Jeffrey Herlings has done it. At just 17 years old he can now call himself the World Motocross Champion, after sealing the championship in perfect fashion at a jam packed and noisy Faenza.
Still seen in some sceptical quarters as a sand specialist, Herlings went 1-1 in Italy on the hard concrete surface, and put close to thirty seconds on second place Tommy Searle both times out.
It was a brilliant performance, in very hot conditions, that left no one in any doubt that Herlings deserves the World title.
After big celebrations upon crossing the finishing line, the emotion and realisation of a lifetime’s dream all became too much during the playing of his national anthem on podium. Herlings couldn’t hold back the tears, and the youngster showed just how much the title meant to him. The release of all the pressure on his shoulders was evident in that one moment.
Controversial to say the least, Herlings has earned his first World Title in 2012.
It has been 19 years since Holland’s last World Champion (Pedro Tragter in 1993) so it was a big moment for the country, and Herlings has been responsible for getting motocross back on tv and on the newspaper there.
With that media attention comes pressure and Herlings has made some poor decision’s this year, both on and off the bike. However, he seems to have learned from them, and results wise, has only been out of the top two four times out of thirty motos! One of those was a third place and the other was when his bike seized, so it has been a dominating season for the Dutchman despite his difficulties.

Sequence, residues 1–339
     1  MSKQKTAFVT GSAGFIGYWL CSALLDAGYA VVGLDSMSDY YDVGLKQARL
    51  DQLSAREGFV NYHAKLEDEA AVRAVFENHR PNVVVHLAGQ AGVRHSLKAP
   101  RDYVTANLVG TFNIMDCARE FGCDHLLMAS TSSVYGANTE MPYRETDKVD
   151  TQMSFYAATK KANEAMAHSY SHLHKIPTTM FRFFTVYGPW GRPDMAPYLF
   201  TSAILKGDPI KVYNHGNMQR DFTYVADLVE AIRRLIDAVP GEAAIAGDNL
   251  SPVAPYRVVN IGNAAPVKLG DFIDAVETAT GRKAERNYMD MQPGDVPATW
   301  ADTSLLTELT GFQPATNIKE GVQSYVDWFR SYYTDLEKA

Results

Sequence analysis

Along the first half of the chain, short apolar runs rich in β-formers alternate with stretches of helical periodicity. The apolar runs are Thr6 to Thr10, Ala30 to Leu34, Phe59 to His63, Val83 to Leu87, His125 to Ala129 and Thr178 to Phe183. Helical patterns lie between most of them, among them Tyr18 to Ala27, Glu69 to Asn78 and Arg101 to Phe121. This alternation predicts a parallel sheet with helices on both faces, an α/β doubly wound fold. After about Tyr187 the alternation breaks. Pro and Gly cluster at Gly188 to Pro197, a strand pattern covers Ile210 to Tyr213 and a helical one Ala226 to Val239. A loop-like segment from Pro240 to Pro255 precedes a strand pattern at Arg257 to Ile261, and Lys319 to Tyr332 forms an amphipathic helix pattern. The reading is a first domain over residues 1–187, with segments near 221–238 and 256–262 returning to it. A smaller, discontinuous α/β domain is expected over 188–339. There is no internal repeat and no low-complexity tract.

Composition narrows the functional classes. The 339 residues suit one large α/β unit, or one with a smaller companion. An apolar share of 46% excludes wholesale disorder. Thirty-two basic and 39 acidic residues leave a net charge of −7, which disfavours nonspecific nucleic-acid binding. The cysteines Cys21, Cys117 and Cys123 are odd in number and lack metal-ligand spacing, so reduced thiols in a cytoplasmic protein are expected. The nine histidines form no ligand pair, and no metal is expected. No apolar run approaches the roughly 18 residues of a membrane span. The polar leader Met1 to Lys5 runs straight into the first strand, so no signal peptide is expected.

A winter spent on hard pack tracks certainly paid dividends and Herlings has reaped the ultimate reward in becoming the 2012 MX2 World Champion.
Tommy Searle had an excellent season, maybe the best of his career, but even including the mechanical DNFs that gave Herlings some breathing space in the championsip, he just couldn’t quite get on terms with his KTM rival often enough. When Tommy was fast he was very fast, and midway through the season the duo regularly split moto wins - it was that close. However, Searle couldn’t get near Herlings in the sand and that gave Jeffrey the advantage.
Searle’s best performance was undoubtedly his double win at home in the UK, and he has a lot to be proud of. Unfortunately he came up just short again in what was his final quest for MX2 glory. He moves to MX1 next season, again riding for CLS Kawasaki, but his challenge will be just as hard trying to topple the great Cairoli.
Jeremy Van Horebeek was third overall in Italy and also third in the series. He caught Searle in moto one but crashed when looking for a way past, however he could not hold Searle off in race two and his slim chances of beating Searle for second in the points seems to have gone.
Joel Smets will be hoping his MX2 rider for the Nations gets through the final round of the GPs unscathed, so he is ready to challenge Baggett for MX2 honours.
America's Great White Hope, Osborne, leads Tonus.